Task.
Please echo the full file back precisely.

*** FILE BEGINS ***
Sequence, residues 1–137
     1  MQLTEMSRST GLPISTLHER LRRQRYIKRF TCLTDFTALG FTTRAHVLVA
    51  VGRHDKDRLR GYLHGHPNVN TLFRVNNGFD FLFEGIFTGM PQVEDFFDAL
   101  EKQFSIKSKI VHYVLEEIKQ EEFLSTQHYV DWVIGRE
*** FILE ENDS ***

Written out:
Sequence, residues 1–137
     1  MQLTEMSRST GLPISTLHER LRRQRYIKRF TCLTDFTALG FTTRAHVLVA
    51  VGRHDKDRLR GYLHGHPNVN TLFRVNNGFD FLFEGIFTGM PQVEDFFDAL
   101  EKQFSIKSKI VHYVLEEIKQ EEFLSTQHYV DWVIGRE